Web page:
RoboTouch Adds Physical Game Controls To The IPad


[ProtoDojo] wanted to play a racing game on his iPad, but he was not a big fan of using the touch interface for this particular title. Instead, he put together a pretty neat little hack that allows him to play games on his iPad using an old NES controller.

He built a set of custom conductive arms which he mounted on three micro servos. The servos were attached to the iPad screen using small suction cups in the locations where it expects to receive button presses. They are also wired to an Arduino that interprets button presses from the attached NES controller. When the Arduino senses that the D-pad or buttons have been pressed, it triggers the servos, which in turn press the virtual buttons on the screen.

In the video below, you can see that after adjusting the servo positions, the setup seems to work pretty well. You might expect to see some sort of lag with a setup like this, but we didn’t notice any. The [ProtoDojo] web site is currently down due to heavy traffic, but you should be able to find some more build details there, once it becomes functional again.


11 thoughts on “RoboTouch Adds Physical Game Controls To The IPad

  1. Wouldn’t it be easier to keep the “arms” against the screen and use semiconductor switches to “activate” them? Is that impossible/difficult due to the capacitive nature of the screen? To what are the other ends of the arms (electrically) connected?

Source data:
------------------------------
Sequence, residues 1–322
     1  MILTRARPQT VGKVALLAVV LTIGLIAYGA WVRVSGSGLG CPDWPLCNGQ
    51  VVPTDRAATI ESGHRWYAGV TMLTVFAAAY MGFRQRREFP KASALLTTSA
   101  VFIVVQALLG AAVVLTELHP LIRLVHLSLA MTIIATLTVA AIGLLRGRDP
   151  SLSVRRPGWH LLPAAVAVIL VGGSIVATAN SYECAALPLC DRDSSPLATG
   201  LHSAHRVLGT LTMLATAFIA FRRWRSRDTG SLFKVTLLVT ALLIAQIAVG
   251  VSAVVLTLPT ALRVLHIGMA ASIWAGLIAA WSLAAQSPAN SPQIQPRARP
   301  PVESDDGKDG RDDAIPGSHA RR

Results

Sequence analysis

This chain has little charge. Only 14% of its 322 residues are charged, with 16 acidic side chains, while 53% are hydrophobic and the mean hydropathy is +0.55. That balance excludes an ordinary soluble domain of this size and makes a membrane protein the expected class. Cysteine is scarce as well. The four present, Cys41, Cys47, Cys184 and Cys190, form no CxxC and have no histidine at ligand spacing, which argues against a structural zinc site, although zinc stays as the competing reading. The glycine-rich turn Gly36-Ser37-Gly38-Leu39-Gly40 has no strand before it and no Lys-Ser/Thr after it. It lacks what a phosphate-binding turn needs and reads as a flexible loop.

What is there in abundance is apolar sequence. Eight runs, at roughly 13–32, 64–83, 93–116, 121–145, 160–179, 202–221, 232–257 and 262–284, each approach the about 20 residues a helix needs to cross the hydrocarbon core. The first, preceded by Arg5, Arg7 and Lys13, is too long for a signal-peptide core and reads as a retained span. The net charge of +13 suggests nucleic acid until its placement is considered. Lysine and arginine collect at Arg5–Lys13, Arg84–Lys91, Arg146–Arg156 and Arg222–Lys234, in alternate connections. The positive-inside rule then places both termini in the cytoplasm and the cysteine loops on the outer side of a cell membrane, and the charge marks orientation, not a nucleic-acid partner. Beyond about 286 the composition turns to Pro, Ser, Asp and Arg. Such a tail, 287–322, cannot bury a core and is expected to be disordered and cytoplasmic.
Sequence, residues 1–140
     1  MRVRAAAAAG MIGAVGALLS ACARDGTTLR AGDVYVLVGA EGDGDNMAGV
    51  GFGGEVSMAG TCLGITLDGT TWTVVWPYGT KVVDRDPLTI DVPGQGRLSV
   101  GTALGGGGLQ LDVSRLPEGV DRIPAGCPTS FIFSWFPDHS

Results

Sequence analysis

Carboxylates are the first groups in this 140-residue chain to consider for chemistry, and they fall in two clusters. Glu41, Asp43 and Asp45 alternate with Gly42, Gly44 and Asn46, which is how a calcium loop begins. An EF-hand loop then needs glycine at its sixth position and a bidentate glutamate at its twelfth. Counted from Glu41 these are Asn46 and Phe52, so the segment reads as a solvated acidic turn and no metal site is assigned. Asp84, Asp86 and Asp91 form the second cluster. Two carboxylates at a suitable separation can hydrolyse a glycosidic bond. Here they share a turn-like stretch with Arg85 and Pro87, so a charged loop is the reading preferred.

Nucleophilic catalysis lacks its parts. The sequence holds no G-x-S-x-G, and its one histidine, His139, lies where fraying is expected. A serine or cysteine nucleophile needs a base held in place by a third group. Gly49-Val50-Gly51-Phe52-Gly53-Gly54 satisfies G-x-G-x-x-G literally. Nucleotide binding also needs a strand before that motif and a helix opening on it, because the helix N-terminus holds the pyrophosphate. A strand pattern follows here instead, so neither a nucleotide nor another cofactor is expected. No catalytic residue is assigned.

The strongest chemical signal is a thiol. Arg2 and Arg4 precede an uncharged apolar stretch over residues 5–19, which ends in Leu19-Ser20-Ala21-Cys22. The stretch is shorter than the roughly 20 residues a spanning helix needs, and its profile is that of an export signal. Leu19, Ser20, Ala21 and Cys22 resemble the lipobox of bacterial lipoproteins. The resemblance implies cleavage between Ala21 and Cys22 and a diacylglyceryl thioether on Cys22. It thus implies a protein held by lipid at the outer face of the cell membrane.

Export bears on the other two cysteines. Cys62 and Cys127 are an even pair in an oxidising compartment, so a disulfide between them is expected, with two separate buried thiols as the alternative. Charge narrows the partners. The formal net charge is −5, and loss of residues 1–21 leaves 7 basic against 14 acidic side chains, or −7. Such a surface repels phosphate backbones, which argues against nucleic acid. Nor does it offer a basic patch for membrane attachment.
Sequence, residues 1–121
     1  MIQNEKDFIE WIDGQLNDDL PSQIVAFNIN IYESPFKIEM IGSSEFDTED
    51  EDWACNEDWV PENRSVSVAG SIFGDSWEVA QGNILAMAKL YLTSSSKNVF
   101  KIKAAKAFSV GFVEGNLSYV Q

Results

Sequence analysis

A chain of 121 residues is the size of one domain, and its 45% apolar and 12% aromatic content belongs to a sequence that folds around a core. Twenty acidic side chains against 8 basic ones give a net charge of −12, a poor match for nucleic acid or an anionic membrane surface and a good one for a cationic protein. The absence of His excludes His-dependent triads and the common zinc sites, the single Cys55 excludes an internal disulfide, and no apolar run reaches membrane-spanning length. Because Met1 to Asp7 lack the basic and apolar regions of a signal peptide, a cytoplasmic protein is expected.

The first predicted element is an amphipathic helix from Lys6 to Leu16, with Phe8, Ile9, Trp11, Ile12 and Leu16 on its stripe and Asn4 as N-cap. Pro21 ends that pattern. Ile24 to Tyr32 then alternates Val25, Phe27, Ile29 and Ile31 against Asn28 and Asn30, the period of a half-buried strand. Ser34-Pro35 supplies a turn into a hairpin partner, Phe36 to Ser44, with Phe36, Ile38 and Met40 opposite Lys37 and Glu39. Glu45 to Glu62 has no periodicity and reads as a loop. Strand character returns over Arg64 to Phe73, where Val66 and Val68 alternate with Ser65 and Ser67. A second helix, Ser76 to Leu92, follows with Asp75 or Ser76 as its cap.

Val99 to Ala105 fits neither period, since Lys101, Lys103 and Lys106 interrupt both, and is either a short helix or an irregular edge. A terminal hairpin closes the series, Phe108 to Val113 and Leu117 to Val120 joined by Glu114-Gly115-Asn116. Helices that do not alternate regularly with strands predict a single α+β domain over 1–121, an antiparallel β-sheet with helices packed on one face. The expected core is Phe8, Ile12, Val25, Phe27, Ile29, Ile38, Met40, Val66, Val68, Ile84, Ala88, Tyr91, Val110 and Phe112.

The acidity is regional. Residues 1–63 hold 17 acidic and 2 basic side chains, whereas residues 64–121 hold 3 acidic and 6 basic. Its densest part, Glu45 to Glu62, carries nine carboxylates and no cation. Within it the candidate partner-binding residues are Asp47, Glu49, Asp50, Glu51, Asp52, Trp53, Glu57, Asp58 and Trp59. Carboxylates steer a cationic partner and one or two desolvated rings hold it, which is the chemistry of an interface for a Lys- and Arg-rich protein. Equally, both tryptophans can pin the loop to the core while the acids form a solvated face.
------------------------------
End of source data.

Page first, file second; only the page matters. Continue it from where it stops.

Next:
2. HID, PC because Aliens and robots don’t want to be included with us. Don’t those i-things all have 3-way motion sensing? How about i-phone to i-pad control link.
    Give me a joy stick or wheel and pedals, or I might as well play on a watch (not much smaller than I-phone).
    Still a useful hack for many occasional button presses in certain apps.

  3. Would it not be possible to program a game for the ipod/iphone/ipad platform which uses the device’s headphone mic capability as an input device?

    These devices all use a microphone integrated into the headphones for sound recording so it should be possible to use the mic port as a communications port for a signal like a game controller input.

  4. Why not use some sort of solid state capacitance attachment that is activated when a button is pressed? If you want to not “plug” anything into the ipad, this seems like the easiest solution; other than your hands that is.

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